GIS and Health Geography What is epidemiology? GIS
GIS and Health Geography What is epidemiology? GIS and health geography Major applications for GIS Epidemiology What is health (and how location matters) What is a disease (and how to identify one) Quantifying disease occurrence Incidence vs prevalence Identifying the population
Working with small area data TOC A GIS can be a useful tool for health researchers and planners because, as expressed by Scholten and Lepper (1991): Health and ill-health are affected by a variety of life-style and environmental factors, including where people live. Characteristics of these locations (including socio-demographic and environmental exposure) offer a valuable source for epidemiological research studies on health and the environment. Health and ill-health always have a spatial dimension therefore. More than a century ago, epidemiologists
and other medical scientists began to explore the potential of maps for understanding the spatial dynamics of disease. GIS and health Geography 1. Spatial epidemiology 2. Environmental hazards 3. Modeling Health Services
4. Identifying health inequalities Major applications for GIS Spatial epidemiology is concerned with describing and understanding spatial variation in disease risk. Individual level data Counts for small areas Recent developments owe much to:
Geo-referenced health and population data Computing advances Development of GIS Statistical methodology Spatial epidemiology Population is unevenly distributed geographically. People move around (day-to-day movements; longer term movements including migration). People possess relevant individual characteristics (age, sex, genetic makeup, lifestyle, etc).
People live in communities (small areas). Framework for analysis Provides a qualitative answer about the existence of an association (e.g. between environmental variable and health outcome). May provide evidence that can be followed up in other ways.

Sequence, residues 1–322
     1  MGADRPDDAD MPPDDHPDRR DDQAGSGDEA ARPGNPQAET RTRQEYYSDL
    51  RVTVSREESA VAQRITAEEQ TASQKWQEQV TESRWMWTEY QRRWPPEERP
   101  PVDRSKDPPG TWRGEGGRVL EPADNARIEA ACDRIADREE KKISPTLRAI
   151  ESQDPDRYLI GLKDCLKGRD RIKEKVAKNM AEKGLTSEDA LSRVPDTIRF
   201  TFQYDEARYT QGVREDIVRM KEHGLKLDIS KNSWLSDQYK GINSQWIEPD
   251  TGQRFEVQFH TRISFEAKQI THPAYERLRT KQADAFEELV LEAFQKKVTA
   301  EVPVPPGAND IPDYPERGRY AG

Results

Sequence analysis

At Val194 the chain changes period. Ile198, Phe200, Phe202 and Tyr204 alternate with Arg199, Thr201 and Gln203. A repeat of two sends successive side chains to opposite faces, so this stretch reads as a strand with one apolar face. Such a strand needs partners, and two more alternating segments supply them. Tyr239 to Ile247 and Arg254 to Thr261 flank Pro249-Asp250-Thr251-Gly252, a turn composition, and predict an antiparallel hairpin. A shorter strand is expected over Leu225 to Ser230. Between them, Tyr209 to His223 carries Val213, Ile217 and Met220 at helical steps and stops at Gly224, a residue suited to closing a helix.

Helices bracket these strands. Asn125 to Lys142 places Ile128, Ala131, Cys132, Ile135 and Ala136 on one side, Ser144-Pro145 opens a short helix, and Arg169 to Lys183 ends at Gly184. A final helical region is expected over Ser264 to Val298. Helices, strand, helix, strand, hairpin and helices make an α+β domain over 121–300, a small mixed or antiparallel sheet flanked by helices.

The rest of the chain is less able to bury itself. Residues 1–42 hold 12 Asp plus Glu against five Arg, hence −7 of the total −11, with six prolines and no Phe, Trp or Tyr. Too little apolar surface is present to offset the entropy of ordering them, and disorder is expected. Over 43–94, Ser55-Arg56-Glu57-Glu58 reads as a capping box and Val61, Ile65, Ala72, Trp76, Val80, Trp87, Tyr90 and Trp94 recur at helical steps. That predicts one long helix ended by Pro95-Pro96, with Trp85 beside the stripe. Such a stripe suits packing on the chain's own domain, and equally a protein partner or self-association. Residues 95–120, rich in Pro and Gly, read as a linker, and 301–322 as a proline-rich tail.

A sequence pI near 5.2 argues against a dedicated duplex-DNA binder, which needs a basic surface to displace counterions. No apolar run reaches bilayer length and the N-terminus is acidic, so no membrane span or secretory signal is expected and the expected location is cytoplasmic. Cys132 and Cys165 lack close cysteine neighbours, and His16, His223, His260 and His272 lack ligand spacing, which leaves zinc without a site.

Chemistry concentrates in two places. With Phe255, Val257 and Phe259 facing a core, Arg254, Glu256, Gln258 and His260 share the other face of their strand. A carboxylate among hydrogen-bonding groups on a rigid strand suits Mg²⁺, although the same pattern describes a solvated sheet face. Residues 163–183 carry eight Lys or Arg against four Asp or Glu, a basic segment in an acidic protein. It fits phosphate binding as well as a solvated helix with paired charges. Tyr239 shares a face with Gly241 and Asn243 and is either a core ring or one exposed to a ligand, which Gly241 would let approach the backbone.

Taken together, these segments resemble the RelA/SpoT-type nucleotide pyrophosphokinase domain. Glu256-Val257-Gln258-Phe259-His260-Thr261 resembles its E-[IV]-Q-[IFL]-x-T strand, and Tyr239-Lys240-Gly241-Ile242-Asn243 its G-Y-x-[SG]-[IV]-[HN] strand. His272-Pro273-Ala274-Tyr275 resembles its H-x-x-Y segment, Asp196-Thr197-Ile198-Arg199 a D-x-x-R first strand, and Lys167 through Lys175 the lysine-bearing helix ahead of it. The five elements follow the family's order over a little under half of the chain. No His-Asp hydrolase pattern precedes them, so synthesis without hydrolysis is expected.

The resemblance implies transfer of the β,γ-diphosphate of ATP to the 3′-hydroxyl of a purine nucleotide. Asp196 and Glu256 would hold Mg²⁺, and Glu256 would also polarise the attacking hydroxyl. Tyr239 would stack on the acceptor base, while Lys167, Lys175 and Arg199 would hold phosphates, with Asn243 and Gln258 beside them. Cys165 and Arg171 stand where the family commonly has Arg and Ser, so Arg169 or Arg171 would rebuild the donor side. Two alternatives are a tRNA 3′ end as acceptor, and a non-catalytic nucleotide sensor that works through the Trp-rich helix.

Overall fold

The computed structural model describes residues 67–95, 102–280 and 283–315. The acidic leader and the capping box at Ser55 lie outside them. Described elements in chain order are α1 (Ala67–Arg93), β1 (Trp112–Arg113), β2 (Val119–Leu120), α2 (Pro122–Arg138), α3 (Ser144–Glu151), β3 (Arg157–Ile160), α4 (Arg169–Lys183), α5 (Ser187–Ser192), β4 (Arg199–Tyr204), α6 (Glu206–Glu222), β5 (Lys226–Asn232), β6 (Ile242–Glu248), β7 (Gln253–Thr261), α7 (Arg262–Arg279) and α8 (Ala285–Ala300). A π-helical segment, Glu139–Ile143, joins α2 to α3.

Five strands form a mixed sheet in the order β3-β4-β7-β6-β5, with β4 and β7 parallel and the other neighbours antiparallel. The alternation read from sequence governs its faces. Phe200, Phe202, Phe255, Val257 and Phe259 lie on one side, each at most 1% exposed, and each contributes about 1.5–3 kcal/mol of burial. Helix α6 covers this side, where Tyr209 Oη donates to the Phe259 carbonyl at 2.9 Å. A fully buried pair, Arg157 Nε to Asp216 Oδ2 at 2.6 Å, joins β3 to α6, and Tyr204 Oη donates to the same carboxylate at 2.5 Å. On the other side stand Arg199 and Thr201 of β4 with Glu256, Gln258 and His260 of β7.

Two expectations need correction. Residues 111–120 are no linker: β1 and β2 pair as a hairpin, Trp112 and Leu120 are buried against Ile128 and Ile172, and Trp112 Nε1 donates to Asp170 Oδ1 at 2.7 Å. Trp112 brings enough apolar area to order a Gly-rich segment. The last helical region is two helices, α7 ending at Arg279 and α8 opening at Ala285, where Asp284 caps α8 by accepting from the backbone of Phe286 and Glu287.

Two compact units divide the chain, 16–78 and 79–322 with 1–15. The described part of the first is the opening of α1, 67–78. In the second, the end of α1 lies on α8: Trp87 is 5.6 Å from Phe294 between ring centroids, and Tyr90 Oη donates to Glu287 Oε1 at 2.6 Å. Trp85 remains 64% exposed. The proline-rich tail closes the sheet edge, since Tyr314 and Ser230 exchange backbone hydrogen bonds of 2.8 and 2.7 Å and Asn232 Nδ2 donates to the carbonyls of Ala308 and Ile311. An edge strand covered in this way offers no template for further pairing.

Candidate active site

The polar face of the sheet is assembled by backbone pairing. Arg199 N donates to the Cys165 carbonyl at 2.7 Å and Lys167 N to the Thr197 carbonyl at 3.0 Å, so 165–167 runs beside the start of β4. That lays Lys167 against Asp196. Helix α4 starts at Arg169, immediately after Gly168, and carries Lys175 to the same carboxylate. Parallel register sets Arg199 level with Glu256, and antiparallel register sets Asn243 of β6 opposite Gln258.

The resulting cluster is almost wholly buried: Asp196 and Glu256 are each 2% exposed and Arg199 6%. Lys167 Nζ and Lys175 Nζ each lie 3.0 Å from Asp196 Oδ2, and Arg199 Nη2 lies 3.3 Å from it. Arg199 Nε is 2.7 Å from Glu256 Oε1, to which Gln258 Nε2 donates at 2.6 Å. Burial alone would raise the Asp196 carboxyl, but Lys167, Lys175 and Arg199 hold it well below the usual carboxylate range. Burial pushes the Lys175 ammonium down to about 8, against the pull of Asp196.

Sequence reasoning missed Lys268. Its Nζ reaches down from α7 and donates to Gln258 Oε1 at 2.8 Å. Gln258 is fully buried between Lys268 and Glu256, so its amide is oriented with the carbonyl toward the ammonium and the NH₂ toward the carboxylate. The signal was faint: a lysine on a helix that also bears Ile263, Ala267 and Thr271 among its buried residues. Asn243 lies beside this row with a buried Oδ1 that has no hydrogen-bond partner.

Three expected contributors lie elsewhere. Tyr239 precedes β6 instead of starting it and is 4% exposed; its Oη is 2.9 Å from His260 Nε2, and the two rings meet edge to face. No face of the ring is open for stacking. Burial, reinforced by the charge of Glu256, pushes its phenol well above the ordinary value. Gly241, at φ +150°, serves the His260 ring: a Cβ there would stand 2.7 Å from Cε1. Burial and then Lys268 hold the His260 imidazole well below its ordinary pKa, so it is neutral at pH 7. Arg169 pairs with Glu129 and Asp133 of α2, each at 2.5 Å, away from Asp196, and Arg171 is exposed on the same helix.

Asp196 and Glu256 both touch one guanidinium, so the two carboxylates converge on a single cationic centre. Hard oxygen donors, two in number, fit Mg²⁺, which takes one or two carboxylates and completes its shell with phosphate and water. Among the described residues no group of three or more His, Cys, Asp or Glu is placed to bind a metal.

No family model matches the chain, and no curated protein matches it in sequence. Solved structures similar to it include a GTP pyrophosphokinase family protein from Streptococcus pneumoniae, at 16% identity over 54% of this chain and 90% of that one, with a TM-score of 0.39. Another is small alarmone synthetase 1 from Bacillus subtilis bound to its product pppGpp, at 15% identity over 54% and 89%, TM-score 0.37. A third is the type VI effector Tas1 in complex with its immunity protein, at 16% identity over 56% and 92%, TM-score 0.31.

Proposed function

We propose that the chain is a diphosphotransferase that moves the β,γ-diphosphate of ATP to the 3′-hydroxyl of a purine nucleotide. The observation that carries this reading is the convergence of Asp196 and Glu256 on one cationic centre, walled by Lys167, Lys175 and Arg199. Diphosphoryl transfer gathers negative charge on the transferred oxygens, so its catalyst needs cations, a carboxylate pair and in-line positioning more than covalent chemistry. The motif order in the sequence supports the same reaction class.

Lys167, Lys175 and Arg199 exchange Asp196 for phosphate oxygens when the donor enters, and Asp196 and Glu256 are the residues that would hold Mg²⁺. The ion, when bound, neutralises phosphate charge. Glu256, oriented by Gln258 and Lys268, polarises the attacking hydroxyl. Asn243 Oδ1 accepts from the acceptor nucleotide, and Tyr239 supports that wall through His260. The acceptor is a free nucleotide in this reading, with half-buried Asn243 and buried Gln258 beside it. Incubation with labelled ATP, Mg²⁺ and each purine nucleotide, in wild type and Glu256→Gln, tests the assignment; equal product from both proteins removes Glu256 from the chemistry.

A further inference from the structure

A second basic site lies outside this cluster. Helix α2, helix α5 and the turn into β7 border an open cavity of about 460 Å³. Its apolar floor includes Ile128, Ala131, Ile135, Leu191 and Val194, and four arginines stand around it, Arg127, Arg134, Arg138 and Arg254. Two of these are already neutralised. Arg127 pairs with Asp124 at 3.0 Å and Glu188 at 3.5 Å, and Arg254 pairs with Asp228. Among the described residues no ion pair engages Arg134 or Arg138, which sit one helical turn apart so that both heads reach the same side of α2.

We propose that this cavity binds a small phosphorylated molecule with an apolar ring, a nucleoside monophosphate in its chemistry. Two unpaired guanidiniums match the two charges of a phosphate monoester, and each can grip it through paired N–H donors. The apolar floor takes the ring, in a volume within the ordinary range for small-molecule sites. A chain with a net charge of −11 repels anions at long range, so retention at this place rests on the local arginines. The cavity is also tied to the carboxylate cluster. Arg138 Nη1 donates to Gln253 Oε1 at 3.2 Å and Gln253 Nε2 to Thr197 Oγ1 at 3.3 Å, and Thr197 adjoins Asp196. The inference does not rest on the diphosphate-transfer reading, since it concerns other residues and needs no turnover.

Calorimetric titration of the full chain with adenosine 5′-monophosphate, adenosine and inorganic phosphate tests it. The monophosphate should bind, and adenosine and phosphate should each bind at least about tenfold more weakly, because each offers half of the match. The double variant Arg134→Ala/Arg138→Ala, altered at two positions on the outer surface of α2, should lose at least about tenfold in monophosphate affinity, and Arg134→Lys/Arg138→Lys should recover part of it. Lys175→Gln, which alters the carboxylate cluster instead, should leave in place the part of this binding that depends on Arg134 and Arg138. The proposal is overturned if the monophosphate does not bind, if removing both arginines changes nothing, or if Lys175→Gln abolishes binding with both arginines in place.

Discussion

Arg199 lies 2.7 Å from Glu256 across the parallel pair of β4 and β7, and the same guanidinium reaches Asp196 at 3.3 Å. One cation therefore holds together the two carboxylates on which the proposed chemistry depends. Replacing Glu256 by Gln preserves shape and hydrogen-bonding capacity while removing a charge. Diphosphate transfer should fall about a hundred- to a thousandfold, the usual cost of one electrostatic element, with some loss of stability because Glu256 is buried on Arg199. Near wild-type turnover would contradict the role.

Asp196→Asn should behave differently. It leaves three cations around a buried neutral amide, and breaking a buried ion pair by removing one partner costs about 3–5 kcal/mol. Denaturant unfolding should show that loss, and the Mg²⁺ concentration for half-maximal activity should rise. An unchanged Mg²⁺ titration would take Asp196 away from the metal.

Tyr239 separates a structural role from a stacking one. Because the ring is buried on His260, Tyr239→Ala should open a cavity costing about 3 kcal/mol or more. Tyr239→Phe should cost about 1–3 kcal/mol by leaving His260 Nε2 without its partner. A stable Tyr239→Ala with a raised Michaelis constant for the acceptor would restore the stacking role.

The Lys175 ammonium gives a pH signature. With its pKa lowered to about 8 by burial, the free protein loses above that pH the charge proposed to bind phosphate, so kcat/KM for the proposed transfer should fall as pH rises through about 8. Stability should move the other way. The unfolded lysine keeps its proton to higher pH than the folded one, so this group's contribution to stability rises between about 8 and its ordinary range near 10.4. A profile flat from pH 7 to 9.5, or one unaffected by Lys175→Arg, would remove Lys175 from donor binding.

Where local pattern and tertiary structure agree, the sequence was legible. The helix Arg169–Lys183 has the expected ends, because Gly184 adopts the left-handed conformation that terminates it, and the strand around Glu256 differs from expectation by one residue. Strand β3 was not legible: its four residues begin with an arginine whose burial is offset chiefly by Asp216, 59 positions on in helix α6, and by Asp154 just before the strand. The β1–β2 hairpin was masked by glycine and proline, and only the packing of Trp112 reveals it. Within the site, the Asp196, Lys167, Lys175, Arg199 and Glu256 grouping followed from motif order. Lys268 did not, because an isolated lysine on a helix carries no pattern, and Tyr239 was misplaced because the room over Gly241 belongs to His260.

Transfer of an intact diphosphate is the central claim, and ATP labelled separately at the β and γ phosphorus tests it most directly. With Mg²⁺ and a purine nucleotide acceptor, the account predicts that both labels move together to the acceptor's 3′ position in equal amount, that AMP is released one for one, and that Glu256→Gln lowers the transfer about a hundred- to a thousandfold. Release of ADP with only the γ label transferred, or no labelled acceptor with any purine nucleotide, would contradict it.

Why small area analyses? These studies typically involve examining geographical variations in exposure to environmental variables (air, water, soil, etc.) and their association with health outcomes while controlling for other relevant factors using regression. Geographical correlation studies Issues: Spatial misalignment
Frequency and quality of population data (e.g. Census every 10 years). Spatial compatibility of different data sets. Availability of data on population movements. Measuring population exposure to the environmental variable. Environmental impacts are often likely to be quite small (relative to, for example, lifestyle effects) and there may be serious confounding effects. Cannot estimate strength of an association; Ecological (or aggregation) bias.
Issues: Uncertainty Allow for heterogeneity of exposure. Use well defined population groups. Use survey data to help obtain good exposure data. Allow for latency times. Allow for population movement effects. Issues: Best practices (Richardson 1992) Dr.
John Snows Map of Cholera Deaths in the SOHO District of London, 1854 Spatial epidemiology 1. Spatial epidemiology 2.
Environmental hazards 3. Modeling Health Services 4. Identifying health inequalities Major applications for GIS Hazard Surveillance
Hazardous agent present in the environment Route of exposure exists Host exposed to agent Agent reaches target tissue Exposure Agent produces adverse Surveillance effect Outcome Surveillance Effect clinically apparent Environmental hazards
GIS: Identify causal and mitigating factors Environmental hazards 1. Spatial epidemiology 2. Environmental hazards 3. Modeling Health Services
4. Identifying health inequalities Major applications for GIS A generic index of accessibility/ remoteness for all populated places in non-metropolitan Australia A model which allows accessibility to
any type of service to be calculated from all populated places in Australia ARIA (Accessibility/Remoteness Index of Australia) AIRA Geographical location Where do infants and children die in WA? 1980-2002 Jane Freemantle, PhD. November 2004 Remote non-Aboriginal Rural